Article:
Only the naive or the foolish will look to the police to protect black people from racism. Black people need protection from the police. The Stephen Lawrence case proves that the police can not even be relied upon to investigate the foul murder of a young man of 18, who had his life savagely cut short by the knives of racist thugs at a London bustop.
Stephen Lawrence is dead. His murderers, who are known, are free to strut before the TV cameras. They will never have to face a proper trial for the killing. Why? Because racist police officers made themselves accessories after the fact of Stephen Lawrence's murder. The police who helped the killers will face prosecution for it? No, they retire on police pensions!
The most hysterical or reckless of anti-state propagandists could not concoct a more terrible scenario to dramatise the realities of this system than what the police have done in the Stephen Lawrence case. Put no trust in the police! That is the first lesson of the Stephen Lawrence affair.
But consider for a moment the Stephen Lawrence case from the point of view of the legalities which the police are supposed to uphold. The Race Relations Act is 32 years old. It was brought in by a Labour Government alarmed at the growth of racism and at the way certain Tory politicians were using racism.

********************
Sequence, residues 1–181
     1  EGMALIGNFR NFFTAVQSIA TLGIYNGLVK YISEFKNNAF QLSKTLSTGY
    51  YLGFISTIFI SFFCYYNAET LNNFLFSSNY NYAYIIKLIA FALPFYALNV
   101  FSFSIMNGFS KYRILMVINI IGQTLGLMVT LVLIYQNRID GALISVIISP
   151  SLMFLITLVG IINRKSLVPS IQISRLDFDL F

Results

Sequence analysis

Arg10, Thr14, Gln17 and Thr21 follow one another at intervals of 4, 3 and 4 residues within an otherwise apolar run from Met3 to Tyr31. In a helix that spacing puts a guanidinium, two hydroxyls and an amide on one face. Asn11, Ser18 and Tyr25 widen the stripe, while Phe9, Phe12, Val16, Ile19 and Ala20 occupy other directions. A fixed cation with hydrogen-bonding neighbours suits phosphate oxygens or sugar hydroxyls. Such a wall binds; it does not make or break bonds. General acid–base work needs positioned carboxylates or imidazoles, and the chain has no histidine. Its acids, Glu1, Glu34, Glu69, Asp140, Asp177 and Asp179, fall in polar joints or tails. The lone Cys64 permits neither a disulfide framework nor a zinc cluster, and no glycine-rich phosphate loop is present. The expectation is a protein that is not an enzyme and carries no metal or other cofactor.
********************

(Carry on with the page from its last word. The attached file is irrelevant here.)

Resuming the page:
In the 1964 general election, Peter Griffiths defeated Patrick Gordon Walker, a front bench Labour politician, and won a Midlands seat for the Tory Party after conducting an uninhibitedly racist campaign. "If you want a nigger for a neighbour, vote Labour," was one of the slogans of this official Tory candidate. Fascists were feeding off racism, and fascism, though still a marginal force, was growing.
As part of the slow turn of the British establishment from the Commonwealth to the EC, the idea was being pushed, and none too subtly, by the establishment that black immigration was undesirable. A distinction was drawn between the white - Australians etc - "old" Commonwealth and the "new" black, Commonwealth. There was then virtually full-employment. Never mind that without black workers, the NHS and the railways would be in a very bad way.
Previous large scale immigration - Irish immigration in the mid-19th century, for example - had led to intra working-class conflicts because the newcomers, who were used to a much lower standard of living, undercut the wages and conditions of British workers. In the '50s and '60s nothing like that happened. The trade unions were strong. Black workers integrated into the unions; many had been staunch trade unionists in the West Indies. On the whole - though there were some shameful racist strikes - the labour movement acted as a force for assimilation. There was nonetheless a great deal of working-class anti-black prejudice.
In '68, and again in '72, dockers struck and marched in protest against the entry of Asians with British passports expelled from Kenya and Uganda. (A Labour government in '68 banned the Kenyans despite their British passports; in '72, the Tories let the Uganda Asians in.)